City of Sydney lord mayor Clover Moore has said that the NSW government’s “significant funding in housing options and support services” should remain, as the city completed its biannual street count.
The council’s summer street count, conducted in the early hours of February 22, found 225 people sleeping rough on Sydney’s inner-city streets, compared to a figure of 272 this time last year.
Temporary accommodation services critical
In reference to the state government’s increased efforts to move homeless people into temporary, emergency and longer-term accommodation during the harshest periods of the pandemic over the last two years, Cr Moore cautioned against returning to a business-as-usual approach.
“These temporary arrangements and support are often the first step in a journey to more permanent accommodation options, which is the ultimate aim,” she said.
“We also need much more social and affordable housing in our area and a continued focus on how we can work together to prevent people slipping through the cracks.”
Cr Moore also warned that not building on the success of temporary accommodation measures could see the numbers climb again.
“We still have over 200 people sleeping on city streets each night. Much of this extra help has now dried up or been discontinued and non-residents are back to not being able to access any support at all,” she said.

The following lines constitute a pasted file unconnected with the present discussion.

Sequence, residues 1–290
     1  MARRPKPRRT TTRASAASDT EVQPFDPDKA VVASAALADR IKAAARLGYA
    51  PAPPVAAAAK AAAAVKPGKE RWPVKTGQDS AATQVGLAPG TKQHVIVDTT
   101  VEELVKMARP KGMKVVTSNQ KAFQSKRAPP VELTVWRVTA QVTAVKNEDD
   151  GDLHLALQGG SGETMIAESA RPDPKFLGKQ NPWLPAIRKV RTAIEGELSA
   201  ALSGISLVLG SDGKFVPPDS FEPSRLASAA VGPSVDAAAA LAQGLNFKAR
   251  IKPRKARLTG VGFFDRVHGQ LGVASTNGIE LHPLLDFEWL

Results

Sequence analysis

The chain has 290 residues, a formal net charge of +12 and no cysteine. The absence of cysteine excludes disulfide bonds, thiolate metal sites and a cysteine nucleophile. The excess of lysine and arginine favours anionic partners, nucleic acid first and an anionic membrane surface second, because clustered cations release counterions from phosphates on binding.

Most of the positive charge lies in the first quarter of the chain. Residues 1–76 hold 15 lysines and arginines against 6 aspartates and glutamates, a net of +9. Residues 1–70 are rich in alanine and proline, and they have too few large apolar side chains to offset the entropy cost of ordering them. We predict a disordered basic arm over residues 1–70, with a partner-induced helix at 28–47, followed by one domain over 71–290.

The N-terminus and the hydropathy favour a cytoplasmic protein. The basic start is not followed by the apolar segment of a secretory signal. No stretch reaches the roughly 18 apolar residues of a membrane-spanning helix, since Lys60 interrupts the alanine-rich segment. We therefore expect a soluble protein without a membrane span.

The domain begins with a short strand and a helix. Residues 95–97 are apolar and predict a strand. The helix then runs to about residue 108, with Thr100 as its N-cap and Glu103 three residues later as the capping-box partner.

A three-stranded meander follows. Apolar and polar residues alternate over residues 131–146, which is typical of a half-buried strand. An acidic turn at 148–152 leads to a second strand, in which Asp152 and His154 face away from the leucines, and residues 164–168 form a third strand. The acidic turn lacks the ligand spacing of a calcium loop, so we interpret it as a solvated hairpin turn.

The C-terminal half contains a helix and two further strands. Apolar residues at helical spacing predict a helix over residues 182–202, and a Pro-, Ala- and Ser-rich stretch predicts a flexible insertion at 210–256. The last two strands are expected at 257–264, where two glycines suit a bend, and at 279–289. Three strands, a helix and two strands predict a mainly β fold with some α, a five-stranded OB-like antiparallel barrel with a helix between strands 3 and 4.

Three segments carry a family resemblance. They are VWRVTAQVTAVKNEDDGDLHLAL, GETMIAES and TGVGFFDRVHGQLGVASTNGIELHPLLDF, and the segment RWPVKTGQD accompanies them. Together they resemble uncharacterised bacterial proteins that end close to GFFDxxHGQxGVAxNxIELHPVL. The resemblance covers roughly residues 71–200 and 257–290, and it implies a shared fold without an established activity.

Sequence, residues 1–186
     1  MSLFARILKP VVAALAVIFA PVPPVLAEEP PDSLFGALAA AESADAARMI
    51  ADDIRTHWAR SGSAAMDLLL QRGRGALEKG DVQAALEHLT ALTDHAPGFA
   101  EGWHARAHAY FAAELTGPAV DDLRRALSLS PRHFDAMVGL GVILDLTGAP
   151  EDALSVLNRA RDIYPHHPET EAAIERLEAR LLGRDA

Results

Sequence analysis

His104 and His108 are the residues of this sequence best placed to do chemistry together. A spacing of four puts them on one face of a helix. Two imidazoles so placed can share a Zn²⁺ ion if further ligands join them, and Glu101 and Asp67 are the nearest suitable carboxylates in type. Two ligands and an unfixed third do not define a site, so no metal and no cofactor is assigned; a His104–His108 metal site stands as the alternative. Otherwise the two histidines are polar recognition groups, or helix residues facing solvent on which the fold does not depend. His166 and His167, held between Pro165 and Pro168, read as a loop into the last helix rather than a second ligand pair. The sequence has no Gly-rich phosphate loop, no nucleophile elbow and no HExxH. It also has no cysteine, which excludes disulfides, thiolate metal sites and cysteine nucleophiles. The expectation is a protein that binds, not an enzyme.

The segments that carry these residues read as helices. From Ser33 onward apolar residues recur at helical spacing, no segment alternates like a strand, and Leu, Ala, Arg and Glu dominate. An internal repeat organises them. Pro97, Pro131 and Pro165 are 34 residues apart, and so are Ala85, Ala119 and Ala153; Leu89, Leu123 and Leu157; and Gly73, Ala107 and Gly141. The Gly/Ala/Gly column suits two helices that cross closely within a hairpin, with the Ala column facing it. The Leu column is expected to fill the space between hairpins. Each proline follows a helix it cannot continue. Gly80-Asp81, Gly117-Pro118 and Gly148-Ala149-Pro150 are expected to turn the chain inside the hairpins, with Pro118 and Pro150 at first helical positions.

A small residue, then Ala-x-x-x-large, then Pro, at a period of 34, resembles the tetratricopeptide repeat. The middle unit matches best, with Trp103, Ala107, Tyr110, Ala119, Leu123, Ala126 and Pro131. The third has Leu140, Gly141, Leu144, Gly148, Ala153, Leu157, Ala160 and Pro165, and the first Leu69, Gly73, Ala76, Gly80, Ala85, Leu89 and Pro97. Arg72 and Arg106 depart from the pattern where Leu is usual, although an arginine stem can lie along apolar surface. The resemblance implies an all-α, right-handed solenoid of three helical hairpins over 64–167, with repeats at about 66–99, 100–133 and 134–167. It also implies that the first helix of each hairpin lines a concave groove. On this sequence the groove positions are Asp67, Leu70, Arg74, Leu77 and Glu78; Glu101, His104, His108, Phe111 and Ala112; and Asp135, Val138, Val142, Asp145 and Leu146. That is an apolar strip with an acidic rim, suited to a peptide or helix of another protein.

“We know the cost of living is a real issue in Sydney and the pandemic has further widened the inequality gap.”
The City utilised a team of 110 volunteers to complete the street count, who were joined by eight of the council’s homelessness advisors – volunteers with lived experience of homelessness.
Australia’s wage system called ‘broken’ by union secretary
Cr Moore’s comments mirror those of social services and union officials, who say that increased living costs combined with a lack of sufficient wage growth are creating a homelessness and housing affordability crisis.
Speaking to The Guardian on Saturday, National Secretary for the United Workers Union Tim Kennedy called Australia’s wage system “broken”.
“Unless Australian workers are given the capacity to obtain a fair share in wages, then more people will fall back into unnecessary poverty,” Mr Kennedy said.
Cassandra Goldie, chief executive of the Australian Council of Social Services also criticised the Federal Government’s halving of JobSeeker last year.
“We know from personal testimonies and surveys that the majority of people on these very low-income support payments will struggle even more to feed their families and keep a roof over their head.”
A pre-pandemic parliamentary report into changes in Australia’s cost of living from 2009-2019 showed that pensioner and welfare recipient households were the hardest hit when it came to cost of living increases.
The two groups experienced increases of 25.1 per cent and 26.1 per cent respectively, against a national average of 23.4 per cent.
The report concluded that “certain households will feel the impact more strongly than others, particularly in the context of low wage growth”.